M20 - Role of Ocean-Atmosphere Interactions in Climate Variability, Change and Predictability

Convenors: Hisashi Nakamura, Noel S. Keenlyside
Co-convener: Mat Collins, Meghan F. Cronin, Ruiqiang, Mojib, Shoshiro Minobe, Mathieu Rouault, Tomoki Tozuka, Tim Woollings, Shang-Ping Xie 

Ocean-atmosphere interactions are an important source of climate variability and predictability. Great progress has been made during the past two decades in understanding, modeling and predicting interannual variability over the tropical oceans, including the El Niño – Southern Oscillation (ENSO) and associated global teleconnections. The role of the extratropical oceans in climate variability is less well understood with regard to its origin and multi-scale impacts. The latter especially concerns the influence of the western boundary current regions, including the Agulhas system, and associated frontal zones on the overlying atmosphere, storms and blocking and possible teleconnections. While ocean-atmosphere interaction in the tropics is better understood, its poor representation in climate models leads to large systematic errors and degrades climate predictions. Tropical-extratropical interactions and interactions between ocean basins are other areas where progress is required. As today’s climate includes a significant contribution from anthropogenic forcing, regional anomaly patterns and the role of ocean-atmosphere interactions have to be considered in the context of global climate change.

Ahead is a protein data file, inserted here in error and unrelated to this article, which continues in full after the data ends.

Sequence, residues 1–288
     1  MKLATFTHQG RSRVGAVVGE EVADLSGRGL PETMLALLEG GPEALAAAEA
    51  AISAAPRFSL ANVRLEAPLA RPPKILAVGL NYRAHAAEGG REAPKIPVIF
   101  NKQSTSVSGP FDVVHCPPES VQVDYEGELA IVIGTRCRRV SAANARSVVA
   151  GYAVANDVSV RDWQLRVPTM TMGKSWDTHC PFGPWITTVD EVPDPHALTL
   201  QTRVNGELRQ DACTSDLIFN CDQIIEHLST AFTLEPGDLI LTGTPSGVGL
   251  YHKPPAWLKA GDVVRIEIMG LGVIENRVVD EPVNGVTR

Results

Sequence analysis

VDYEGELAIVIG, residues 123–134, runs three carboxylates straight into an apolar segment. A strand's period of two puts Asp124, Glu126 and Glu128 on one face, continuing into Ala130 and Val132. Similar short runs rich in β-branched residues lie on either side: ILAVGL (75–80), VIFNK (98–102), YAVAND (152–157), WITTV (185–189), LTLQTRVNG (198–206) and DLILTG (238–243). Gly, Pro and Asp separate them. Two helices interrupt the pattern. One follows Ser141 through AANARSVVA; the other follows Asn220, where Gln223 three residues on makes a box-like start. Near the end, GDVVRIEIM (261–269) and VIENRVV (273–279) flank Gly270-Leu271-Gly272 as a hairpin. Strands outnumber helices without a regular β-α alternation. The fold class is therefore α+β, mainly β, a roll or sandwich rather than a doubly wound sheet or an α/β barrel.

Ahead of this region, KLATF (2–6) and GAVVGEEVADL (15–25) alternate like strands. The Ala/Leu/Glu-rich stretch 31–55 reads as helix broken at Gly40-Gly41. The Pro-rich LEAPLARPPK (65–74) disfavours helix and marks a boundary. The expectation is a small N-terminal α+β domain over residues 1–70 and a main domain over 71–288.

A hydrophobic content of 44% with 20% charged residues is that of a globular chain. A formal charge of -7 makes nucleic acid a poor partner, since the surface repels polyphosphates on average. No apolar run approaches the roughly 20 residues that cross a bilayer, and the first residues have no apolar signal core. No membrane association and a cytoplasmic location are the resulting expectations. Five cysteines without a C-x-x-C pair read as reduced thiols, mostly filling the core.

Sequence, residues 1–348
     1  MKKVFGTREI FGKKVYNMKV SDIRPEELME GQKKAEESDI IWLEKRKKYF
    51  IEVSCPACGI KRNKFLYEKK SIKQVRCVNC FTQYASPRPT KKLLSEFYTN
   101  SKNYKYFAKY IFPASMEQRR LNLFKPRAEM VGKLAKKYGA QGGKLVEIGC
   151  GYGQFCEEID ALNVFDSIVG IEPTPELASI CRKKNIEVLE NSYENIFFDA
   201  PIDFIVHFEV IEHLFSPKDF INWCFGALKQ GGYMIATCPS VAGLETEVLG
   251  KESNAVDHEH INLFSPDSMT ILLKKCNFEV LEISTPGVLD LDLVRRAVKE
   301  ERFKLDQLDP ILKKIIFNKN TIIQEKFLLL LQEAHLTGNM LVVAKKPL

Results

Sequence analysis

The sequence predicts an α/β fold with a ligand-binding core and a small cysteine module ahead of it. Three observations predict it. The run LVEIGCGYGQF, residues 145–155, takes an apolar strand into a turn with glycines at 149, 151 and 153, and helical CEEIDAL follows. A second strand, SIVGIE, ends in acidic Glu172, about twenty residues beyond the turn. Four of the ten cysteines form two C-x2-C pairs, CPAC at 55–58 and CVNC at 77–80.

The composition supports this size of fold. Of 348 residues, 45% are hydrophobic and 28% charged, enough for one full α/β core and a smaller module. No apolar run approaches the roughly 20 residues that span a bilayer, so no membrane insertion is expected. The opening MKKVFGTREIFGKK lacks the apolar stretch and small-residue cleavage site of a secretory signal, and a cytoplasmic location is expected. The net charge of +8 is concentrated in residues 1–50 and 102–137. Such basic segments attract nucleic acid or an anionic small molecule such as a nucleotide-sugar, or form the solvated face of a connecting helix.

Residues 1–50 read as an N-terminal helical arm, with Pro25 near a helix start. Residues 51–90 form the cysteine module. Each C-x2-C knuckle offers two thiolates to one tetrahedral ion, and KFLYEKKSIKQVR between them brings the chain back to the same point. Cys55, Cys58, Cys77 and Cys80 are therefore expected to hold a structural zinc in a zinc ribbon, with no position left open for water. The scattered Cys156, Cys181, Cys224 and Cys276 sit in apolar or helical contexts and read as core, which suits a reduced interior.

We invite contributions on topics including, but not limited to: 1) theoretical, observational and/or modeling studies on the processes involved in ocean-atmosphere interactions, in the tropics and extratropics (and their interaction), and their role in climate variability and predictability; 2) impacts of ocean variability on the coupled troposphere/stratosphere system at various spatial scales up to global; 3) the response of the ocean to multi-scale atmospheric variability; and/or 4) the evaluation and improvement of ocean-atmosphere coupling in climate models.